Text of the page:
The success of any academic program is a strong function of the resources available to it in the form of faculty, staff, students, equipment, and financial support. The Astronomy program at KU is no exception. With 4 full-time faculty in Astronomy, 2 in Cosmology, 1 in Astrobiology, and 2 in Plasma Astrophysics, the astrophysically-oriented faculty has increased by a factor of three over the last 30 years, coupled to a steady increase in the quality and quantity of students expressing an interest in astrophysics as a career. Despite the successes of the program, until recently, two primary areas of weakness remained: our ability to provide financial support for junior-senior majors during the academic year and the summer, and unrestricted access to research-quality instrumentation for astronomical research. In the following paragraphs, we describe a variety of areas where the support of alumni and friends of the program has been instrumental in the past and where future support would prove invaluable to aid us in our goal of providing our students with the best education possible while permitting them to achieve their full potential. If you have any interest in contributing to the future of the program in any way and at any level, please don't hesitate to contact us via e-mail at: 

A Research Telescope

Ultimately, any viable observational astronomy program can only compete in today's environment with guaranteed access to a research-quality telescope of 1-meter class or larger. For a program of the size found at KU, the pricetag on such equipment requires sharing the costs of construction and maintenance within the context of a larger consortium. Thanks to the support of the College of Liberal Arts and Sciences, KUCR, and a grant from the National Science Foundation, KU Astronomy and KU Aerospace Engineering formed a collaborative partnership with San Diego State University, Dartmouth College, and CMA, Inc. of Tucson. The ULTRA PROJECT was designed to lead to the development of a new-technology, ultra-lightweight 1m class telescope for research in astronomy. With completion of the project in 2008, KU and SDSU initiated plans to convert the ULTRA telescope to a conventional 1.25M cassegrain which will be operated remotely and robotically from Mt. Laguna Observatory outside San Diego, with the telescope time shared jointly by KU and SDSU. More info on this project can be found at this site. As of 2013, we are at the halfway point in reaching our goal of raising the funds needed to operate and maintain KU's share of the telescope. Direct donations to the MLO telescope fund can be made via this link.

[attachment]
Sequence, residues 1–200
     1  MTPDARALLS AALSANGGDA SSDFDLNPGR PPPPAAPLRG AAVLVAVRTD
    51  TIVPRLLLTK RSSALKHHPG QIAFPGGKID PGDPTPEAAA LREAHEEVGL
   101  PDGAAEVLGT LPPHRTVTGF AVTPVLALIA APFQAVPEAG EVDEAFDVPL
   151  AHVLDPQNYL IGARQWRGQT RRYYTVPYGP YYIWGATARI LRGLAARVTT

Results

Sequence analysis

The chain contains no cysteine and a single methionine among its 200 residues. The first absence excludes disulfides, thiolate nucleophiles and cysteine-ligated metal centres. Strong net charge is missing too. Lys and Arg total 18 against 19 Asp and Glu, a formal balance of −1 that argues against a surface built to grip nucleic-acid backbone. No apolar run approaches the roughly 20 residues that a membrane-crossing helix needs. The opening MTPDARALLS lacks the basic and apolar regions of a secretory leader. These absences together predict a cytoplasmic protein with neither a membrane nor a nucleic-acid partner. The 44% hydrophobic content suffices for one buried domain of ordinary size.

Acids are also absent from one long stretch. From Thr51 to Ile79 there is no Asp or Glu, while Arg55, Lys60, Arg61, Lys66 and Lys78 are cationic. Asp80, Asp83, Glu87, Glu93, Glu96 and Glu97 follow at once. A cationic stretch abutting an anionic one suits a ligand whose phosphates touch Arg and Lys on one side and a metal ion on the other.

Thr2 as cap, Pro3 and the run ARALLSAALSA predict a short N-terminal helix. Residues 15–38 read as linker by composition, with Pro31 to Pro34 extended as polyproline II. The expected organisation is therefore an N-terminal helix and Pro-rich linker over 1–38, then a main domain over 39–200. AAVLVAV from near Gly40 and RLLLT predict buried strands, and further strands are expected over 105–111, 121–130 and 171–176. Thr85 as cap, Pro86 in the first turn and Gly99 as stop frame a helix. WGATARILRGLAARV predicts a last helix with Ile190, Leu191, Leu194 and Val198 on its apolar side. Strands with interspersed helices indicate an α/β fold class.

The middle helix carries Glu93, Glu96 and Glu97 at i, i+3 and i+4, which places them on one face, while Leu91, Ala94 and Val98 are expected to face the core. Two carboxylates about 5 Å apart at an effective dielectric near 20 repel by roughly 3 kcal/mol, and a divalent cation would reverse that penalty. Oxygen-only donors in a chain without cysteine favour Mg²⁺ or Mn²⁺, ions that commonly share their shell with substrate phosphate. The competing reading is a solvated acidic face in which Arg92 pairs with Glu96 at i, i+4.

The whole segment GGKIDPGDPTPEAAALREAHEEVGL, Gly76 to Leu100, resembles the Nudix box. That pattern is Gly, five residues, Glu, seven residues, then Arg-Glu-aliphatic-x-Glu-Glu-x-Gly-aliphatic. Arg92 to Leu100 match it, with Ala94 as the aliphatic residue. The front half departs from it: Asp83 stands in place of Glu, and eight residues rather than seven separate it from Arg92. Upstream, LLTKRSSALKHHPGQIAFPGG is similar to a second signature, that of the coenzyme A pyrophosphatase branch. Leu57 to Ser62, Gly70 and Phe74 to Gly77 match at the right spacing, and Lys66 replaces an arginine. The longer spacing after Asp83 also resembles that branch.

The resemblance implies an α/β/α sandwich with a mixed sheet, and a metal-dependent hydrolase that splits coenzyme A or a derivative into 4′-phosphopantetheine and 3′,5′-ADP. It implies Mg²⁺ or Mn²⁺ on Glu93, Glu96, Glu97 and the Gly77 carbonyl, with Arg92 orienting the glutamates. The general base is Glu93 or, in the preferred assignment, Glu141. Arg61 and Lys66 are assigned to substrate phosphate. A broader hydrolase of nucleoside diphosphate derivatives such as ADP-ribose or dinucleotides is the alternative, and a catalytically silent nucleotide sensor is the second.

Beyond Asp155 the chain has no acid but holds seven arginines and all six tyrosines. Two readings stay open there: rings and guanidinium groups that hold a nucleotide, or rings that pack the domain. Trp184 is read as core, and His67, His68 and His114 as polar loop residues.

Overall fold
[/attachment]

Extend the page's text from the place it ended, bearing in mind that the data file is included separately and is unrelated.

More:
Student Financial Aid

For a number of years, our primary goal was the establishment of endowed funds capable of providing financial support, i.e. scholarships, for students majoring in Astronomy at KU. Some progress was made in the area of student financial aid through the establishment of the Harriett Johnson Fund and the expansion of endowment funds to support any major within the Department, as exemplified by the Undergraduate Scholars Fund, the Badgely Fund, and the Talty Fund. Our ultimate goal was to supply some financial aid to every qualified junior-senior major in the program. The new University policy toward undergraduate support now places all decisions on scholarship support for incoming freshman under the direction of the Admissions office. Because the decisions are based almost exclusively on high school resumes, i.e. GPA and SAT/ACT scores, this benefits our program in general because of the above-average ranking of students interested in majoring in Physics or Astronomy. However, the lack of departmental control over fund distribution and the guarantee that incoming students who meet the scholarship criteria will be supported, irrespective of whether the funds come from the Department or the university, lowers the priority of raising Departmental funds for student support.

Clyde Tombaugh Observatory

With the removal of the Clyde Tombaugh Observatory from the roof of Lindley Hall and the dismantling of the Pitt telescope, on-campus observing at KU was temporarily transferred to the Observing Station at Memorial Stadium. Though this site was adequate for undergraduate labs and occasional open houses for the public, the sky conditions and use of tripod mounts make it an untenable location for even simple research programs and deep sky observing. To overcome these problems, the Astronomy Progam has begun a collaborative project with the Astronomy Program at San Diego State University to install a remote-controlled 1.25 M telescope on Mt. Laguna, 45 miles east of San Diego. With the elimination of the intro astronomy lab, ASTR 196, the temporary observing site on campus was shut down permanently in June 2013.

Pitt 27 inch Mirror

Though the Pitt Telescope is no more, the 27-in mirror survives. It has been made available on permanent loan to the NorthEast Kansas Amateur Astronomer's League (NEKAAL). This exceptional club in Topeka has had a long history of promoting astronomy to the public within the region while developing observing facilities capable of carrying out reasonably sophisticated amateur research programs, exemplified by their success in recent years in identifying near-Earth asteroids, as well as the first comet found via observations made in Kansas, Comet Hug-Bell. NEKAAL has developed a compact design for the new telescope built around the Pitt mirror.

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A. Al-bataineh, P. Baringer, A. Bean, S. Boren, J. Bowen, C. Bruner, J. Castle, L. Forthomme, R.P. Kenny III, S. Khalil, A. Kropivnitskaya, D. Majumder, W. Mcbrayer, M. Murray, S. Sanders, R. Stringer, J.D. Tapia Takaki, Q. Wang and CMS Collaboration

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